The answer was applying to master’s programs, including the U-M School of Dentistry. “I was fortunate enough to get into all of them. What really sold me on Michigan was Dr. Karl. For me, what was more important was the people. I feel like that’s what really makes a program. It’s not the name of a certain school, it’s the people there at that program that care for you, that want to work with you, that want to make you better, that want to challenge you. This is where I could see myself thriving.”
Koa chose the Research-Intensive option and began working in the lab of Dr. Peng Li at U-M’s Life Sciences Institute. Li is a Research Assistant Professor there, as well as an Assistant Professor in the Department of Biologic and Materials Sciences & Prosthodontics at the dental school and an Assistant Professor in the Department of Molecular and Integrative Physiology at the U-M Medical School. Li’s primary research interest is to understand molecular and neural basis of breathing, a fundamental body function maintaining homeostasis. The Li lab is integrating cutting-edge molecular genetics and neuroscience approaches to study how the brain interprets and responds to sensory cues and internal states to control breathing.
Koa focused on the neural circuitry that coordinates jaw opening and closing. He traced neurons in the jaw-closing muscle as a way to better understand the signaling between the brain and the muscle. His work was presented earlier this year at the dental’s school’s Research Day with poster entitled, “Neural Pathways Mediating the Coordination of Jaw Movement.”
Koa credits Dr. Li and a Postdoctoral Research Fellow in his lab, Karin Harumi Uchima Koecklin, with sharing their expertise and patience. “I came in with no research experience in the hard sciences and they were extremely kind and helpful, willing to go out of their way to help.”
During his year of research for the MS degree, Koa said he grew confident about applying to dental schools and was accepted to U-M. He will start next month as a member of the DDS Class of 2027, a sort of ratification of his decision to spend the year earning his MS and getting up to speed with the high-end academics he’ll need in dental school.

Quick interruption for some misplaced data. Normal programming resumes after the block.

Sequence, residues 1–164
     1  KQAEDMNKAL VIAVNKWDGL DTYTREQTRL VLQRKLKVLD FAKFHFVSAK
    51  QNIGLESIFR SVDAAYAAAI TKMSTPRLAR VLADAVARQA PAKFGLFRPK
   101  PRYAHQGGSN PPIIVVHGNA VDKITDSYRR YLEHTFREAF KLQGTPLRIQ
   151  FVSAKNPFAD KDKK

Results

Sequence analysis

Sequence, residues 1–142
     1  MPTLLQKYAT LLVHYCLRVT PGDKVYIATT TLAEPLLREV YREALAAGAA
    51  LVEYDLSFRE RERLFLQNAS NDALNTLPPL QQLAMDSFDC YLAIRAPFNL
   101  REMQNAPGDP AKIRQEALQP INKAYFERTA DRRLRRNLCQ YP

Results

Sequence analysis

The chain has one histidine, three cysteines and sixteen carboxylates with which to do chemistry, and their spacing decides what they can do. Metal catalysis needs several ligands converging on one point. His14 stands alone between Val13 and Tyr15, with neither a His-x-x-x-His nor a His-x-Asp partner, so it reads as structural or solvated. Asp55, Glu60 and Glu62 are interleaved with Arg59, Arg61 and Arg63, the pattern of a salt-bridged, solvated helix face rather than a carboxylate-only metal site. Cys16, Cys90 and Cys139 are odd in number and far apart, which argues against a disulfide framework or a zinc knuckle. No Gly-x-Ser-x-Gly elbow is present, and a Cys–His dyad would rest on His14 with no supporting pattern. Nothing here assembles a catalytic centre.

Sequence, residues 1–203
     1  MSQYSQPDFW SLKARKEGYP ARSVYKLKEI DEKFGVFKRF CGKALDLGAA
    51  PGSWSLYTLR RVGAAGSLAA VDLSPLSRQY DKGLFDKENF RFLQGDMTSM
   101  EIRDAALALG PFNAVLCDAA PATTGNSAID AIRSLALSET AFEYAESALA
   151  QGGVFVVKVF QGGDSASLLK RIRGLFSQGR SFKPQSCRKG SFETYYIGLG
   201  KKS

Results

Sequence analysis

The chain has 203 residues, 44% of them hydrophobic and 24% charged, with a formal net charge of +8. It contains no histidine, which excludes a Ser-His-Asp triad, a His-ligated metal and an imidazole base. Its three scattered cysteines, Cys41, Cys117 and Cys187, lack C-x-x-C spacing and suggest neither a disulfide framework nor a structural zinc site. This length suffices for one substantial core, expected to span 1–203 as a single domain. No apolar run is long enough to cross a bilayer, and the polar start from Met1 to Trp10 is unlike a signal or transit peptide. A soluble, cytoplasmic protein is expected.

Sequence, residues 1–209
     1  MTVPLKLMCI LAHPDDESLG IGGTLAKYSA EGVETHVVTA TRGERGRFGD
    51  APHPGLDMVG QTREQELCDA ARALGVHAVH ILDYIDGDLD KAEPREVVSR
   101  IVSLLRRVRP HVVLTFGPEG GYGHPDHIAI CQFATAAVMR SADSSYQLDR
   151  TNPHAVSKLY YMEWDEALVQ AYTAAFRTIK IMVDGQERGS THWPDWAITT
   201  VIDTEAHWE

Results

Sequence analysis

“It’s been challenging, but it’s what I expected,” he said of the MS program. “You are among the best of the best, not only professors but faculty and other students. With that comes some pressure, but a fun type of pressure. People want you to succeed. You are here for a reason and people want to help.”
Karl said the program is evolving as it moves into its third year. Demand is strong among international students, but their visa requests are often delayed, causing uncertainty about whether the student will be able to travel to the U.S. and start the MS program at its scheduled summer start. As a result, the program has asked the Rackham Graduate School to allow international students to complete the summer session online, before arriving in the fall in-person to complete the remainder of the program. That would have additional benefits in reducing housing costs for international students.
Another next step for the program, Karl said, is securing funding for scholarships that can help reduce the costs of the program, particularly for out-of-state and international students. “We don’t want to lose brilliant minds because of financial reasons,” she said.
The University of Michigan School of Dentistry is one of the nation’s leading dental schools engaged in oral healthcare education, research, patient care and community service. General dental care clinics and specialty clinics providing advanced treatment enable the school to offer dental services and programs to patients throughout Michigan. Classroom and clinic instruction prepare future dentists, dental specialists and dental hygienists for practice in private offices, hospitals, academia and public agencies. Research seeks to discover and apply new knowledge that can help patients worldwide. For more information about the School of Dentistry, visit us on the Web at: www.dent.umich.edu. Contact: Lynn Monson, associate director of communications, at firstname.lastname@example.org, or (734) 615-1971.